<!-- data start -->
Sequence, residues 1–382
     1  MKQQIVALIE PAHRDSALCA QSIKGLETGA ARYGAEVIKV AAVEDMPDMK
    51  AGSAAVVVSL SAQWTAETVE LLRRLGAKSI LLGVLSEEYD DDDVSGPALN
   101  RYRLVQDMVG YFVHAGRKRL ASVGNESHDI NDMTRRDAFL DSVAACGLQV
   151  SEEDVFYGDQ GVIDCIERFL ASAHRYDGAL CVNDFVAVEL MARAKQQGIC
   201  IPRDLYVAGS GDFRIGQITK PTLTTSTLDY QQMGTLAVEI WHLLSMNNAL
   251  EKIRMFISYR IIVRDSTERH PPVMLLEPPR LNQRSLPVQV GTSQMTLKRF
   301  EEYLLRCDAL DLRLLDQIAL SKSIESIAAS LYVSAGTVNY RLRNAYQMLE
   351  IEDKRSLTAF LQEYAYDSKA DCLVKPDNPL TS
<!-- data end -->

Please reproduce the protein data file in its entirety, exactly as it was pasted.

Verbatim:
Sequence, residues 1–382
     1  MKQQIVALIE PAHRDSALCA QSIKGLETGA ARYGAEVIKV AAVEDMPDMK
    51  AGSAAVVVSL SAQWTAETVE LLRRLGAKSI LLGVLSEEYD DDDVSGPALN
   101  RYRLVQDMVG YFVHAGRKRL ASVGNESHDI NDMTRRDAFL DSVAACGLQV
   151  SEEDVFYGDQ GVIDCIERFL ASAHRYDGAL CVNDFVAVEL MARAKQQGIC
   201  IPRDLYVAGS GDFRIGQITK PTLTTSTLDY QQMGTLAVEI WHLLSMNNAL
   251  EKIRMFISYR IIVRDSTERH PPVMLLEPPR LNQRSLPVQV GTSQMTLKRF
   301  EEYLLRCDAL DLRLLDQIAL SKSIESIAAS LYVSAGTVNY RLRNAYQMLE
   351  IEDKRSLTAF LQEYAYDSKA DCLVKPDNPL TS